Mark Roots Mutator Sweep Mutator Mark Mutator Mutator Mutator Mark Mutator Ephe Mark Domain 1 Mutator Mark Roots Sweep Mutator Mark Mutator Mark Ephe Mark Mutator Mutator Mark Mutator Barrier • Domains begin by marking roots • Domains alternate between sweeping own garbage and running mutator • Domains alternate between marking objects and running mutator • Domains alternate between marking ephemerons, marking other objects and running mutator • Global barrier to switch to the next phase ★ Reading weak keys may make unreachable objects reachable ★ Verify that the phase termination conditions hold
  31. Major GC: mark-final

  32. Major GC: mark-final Domain 0 Update final first Domain 1

    Update final first • Domains update Gc.finalise finalisers which take values and mark the values ★ Preserves the order of evaluation of finalisers per domain c.f trunk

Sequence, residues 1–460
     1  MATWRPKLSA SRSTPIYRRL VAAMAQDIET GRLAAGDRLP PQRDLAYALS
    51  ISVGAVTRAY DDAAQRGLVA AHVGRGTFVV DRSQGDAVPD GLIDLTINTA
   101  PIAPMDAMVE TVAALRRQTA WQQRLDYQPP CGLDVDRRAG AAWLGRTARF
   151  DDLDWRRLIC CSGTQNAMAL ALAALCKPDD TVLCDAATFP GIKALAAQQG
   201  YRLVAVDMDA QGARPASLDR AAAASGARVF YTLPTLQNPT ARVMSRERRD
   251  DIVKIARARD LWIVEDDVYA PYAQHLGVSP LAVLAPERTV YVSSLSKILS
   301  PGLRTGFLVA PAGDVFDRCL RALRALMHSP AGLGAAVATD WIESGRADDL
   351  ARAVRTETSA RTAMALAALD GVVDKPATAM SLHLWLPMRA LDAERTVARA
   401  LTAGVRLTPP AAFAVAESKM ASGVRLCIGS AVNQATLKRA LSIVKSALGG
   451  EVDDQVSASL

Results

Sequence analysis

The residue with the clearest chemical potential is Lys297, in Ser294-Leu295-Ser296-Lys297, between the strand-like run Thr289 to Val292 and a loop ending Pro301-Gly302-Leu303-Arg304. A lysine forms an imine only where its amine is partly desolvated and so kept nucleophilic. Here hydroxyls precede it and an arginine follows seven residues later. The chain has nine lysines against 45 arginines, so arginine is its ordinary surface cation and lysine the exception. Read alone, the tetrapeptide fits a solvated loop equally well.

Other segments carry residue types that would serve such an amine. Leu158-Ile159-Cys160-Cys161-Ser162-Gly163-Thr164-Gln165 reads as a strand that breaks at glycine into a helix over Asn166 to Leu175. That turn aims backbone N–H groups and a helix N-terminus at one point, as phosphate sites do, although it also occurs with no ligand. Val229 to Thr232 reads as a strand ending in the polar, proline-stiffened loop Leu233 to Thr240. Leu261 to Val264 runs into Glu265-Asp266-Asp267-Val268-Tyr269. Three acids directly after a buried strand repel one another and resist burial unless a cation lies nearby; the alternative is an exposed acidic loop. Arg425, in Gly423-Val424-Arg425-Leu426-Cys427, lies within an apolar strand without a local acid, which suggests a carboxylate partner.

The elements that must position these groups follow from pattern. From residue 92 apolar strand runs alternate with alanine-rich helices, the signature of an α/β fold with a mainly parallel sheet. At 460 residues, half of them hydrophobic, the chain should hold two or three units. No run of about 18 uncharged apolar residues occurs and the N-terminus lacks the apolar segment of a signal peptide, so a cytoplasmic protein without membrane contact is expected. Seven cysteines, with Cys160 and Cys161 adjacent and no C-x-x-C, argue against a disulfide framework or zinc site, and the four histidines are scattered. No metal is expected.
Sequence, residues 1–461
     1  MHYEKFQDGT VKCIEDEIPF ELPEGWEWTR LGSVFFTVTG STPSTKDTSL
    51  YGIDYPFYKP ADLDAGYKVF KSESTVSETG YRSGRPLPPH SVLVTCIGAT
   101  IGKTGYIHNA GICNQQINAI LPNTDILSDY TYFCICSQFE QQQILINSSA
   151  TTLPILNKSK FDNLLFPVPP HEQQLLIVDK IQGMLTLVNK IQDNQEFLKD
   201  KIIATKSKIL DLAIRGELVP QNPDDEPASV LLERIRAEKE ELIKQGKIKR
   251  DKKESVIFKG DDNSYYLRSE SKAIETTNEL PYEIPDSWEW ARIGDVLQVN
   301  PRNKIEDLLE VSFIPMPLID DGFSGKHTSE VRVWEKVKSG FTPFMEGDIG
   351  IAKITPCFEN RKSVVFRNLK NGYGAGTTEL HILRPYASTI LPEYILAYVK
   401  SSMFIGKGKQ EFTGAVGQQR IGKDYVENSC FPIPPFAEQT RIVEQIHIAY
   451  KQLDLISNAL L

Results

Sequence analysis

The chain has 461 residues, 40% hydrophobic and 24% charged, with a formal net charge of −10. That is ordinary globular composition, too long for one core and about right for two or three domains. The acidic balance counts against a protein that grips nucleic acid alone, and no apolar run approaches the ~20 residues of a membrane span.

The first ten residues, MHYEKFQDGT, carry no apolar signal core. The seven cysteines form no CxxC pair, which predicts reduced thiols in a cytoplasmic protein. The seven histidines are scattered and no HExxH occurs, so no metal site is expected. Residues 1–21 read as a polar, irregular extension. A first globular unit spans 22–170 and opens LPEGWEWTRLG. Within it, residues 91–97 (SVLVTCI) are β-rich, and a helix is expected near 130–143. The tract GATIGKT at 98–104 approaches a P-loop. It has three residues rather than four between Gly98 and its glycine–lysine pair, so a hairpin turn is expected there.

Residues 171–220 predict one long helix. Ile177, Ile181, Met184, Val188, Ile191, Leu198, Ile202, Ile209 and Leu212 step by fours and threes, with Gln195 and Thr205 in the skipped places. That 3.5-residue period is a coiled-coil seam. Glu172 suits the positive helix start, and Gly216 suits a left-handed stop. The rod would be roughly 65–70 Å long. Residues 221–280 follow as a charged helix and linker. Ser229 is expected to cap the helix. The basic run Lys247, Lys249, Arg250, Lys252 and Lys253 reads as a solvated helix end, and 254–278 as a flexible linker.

33. Major GC: mark-final Domain 0 Mark Ephe Mark Update final

    first Mutator Mark Mutator Mutator Mutator Mark Mutator Ephe Mark Domain 1 Update final first Mutator Mark Mutator Mark Ephe Mark Mutator Mutator Mark Mutator • Domains update Gc.finalise finalisers which take values and mark the values ★ Preserves the order of evaluation of finalisers per domain c.f trunk
  34. Major GC: mark-final Domain 0 Mark Ephe Mark Update final

    first Mutator Mark Mutator Mutator Mutator Mark Mutator Ephe Mark Domain 1 Update final first Mutator Mark Mutator Mark Ephe Mark Mutator Mutator Mark Mutator Barrier • Domains update Gc.finalise finalisers which take values and mark the values ★ Preserves the order of evaluation of finalisers per domain c.f trunk